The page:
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Review
, 43 (8), 930-59

Cognitive-behavioral Psychotherapy for Anxiety and Depressive Disorders in Children and Adolescents: An Evidence-Based Medicine Review

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Review

Cognitive-behavioral Psychotherapy for Anxiety and Depressive Disorders in Children and Adolescents: An Evidence-Based Medicine Review

Scott N Compton et al. J Am Acad Child Adolesc Psychiatry.

Abstract

Objective: To review the literature on the cognitive-behavioral treatment of children and adolescents with anxiety and depressive disorders within the conceptual framework of evidence-based medicine.

Method: The psychiatric and psychological literature was systematically searched for controlled trials applying cognitive-behavioral treatment to pediatric anxiety and depressive disorders.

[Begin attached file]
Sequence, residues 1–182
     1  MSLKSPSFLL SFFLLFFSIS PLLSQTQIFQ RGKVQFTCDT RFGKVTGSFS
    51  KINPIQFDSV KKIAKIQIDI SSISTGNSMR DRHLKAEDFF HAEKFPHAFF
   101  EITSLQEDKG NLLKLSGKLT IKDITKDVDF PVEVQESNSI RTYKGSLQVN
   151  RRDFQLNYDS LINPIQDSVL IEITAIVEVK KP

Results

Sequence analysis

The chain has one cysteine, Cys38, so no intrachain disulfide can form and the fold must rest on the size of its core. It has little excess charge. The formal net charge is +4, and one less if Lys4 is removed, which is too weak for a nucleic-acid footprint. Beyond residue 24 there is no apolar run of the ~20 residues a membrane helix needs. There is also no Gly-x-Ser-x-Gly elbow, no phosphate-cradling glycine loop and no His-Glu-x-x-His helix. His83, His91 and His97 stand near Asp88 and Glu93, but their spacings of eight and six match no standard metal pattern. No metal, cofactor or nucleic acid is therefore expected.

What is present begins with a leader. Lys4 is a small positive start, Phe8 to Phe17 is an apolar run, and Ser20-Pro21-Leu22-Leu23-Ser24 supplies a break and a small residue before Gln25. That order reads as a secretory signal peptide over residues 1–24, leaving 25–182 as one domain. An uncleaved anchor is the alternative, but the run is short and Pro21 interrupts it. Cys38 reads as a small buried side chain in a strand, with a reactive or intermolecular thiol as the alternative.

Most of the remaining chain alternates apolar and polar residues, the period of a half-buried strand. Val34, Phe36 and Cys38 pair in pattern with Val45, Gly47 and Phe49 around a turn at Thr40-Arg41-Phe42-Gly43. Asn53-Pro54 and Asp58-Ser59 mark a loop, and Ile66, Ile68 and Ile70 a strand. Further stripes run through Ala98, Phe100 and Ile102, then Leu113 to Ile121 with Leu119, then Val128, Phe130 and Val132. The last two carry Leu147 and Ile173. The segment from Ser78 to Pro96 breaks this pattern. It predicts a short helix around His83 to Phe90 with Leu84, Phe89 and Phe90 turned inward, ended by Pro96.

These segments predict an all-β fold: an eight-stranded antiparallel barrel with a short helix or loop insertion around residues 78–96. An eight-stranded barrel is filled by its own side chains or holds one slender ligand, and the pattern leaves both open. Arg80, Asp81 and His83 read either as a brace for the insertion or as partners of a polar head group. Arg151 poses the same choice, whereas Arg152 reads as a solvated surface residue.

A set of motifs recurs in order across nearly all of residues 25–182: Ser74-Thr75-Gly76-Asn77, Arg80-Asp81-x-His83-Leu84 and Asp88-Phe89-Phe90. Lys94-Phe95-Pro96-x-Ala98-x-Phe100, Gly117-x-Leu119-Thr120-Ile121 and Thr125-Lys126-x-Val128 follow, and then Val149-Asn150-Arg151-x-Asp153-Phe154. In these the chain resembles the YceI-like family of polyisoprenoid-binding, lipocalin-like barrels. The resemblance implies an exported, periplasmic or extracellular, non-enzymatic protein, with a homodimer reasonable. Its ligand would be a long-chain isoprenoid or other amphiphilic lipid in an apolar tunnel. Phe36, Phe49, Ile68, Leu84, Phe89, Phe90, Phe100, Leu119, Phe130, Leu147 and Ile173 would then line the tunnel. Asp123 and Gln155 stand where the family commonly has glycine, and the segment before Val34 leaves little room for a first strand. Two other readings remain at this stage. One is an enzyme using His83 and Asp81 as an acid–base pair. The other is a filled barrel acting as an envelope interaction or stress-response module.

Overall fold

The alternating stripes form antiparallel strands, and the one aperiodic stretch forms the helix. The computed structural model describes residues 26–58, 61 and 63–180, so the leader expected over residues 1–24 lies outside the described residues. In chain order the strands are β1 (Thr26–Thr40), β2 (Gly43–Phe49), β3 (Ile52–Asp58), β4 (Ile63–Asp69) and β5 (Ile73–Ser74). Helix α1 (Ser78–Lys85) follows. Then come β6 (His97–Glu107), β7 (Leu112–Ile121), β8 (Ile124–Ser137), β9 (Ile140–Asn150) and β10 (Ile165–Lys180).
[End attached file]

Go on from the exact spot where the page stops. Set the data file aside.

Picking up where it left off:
Results: For both anxiety and depression, substantial evidence supports the efficacy of problem-specific cognitive-behavioral interventions. Comparisons with wait-list, inactive control, and active control conditions suggest medium to large effects for symptom reduction in primary outcome domains.

Conclusions: From an evidence-based perspective, cognitive-behavioral therapy is currently the treatment of choice for anxiety and depressive disorders in children and adolescents. Future research in this area will need to focus on comparing cognitive-behavioral psychotherapy with other treatments, component analyses, and the application of exportable protocol-driven treatments to divergent settings and patient populations.

Comment in

  • CBT versus supportive therapy for depression.
    Chabrol H. Chabrol H. J Am Acad Child Adolesc Psychiatry. 2005 Sep;44(9):841; author reply 841-3. doi: 10.1097/01.chi.0000170555.00551.37. J Am Acad Child Adolesc Psychiatry. 2005. PMID: 16113610 No abstract available.

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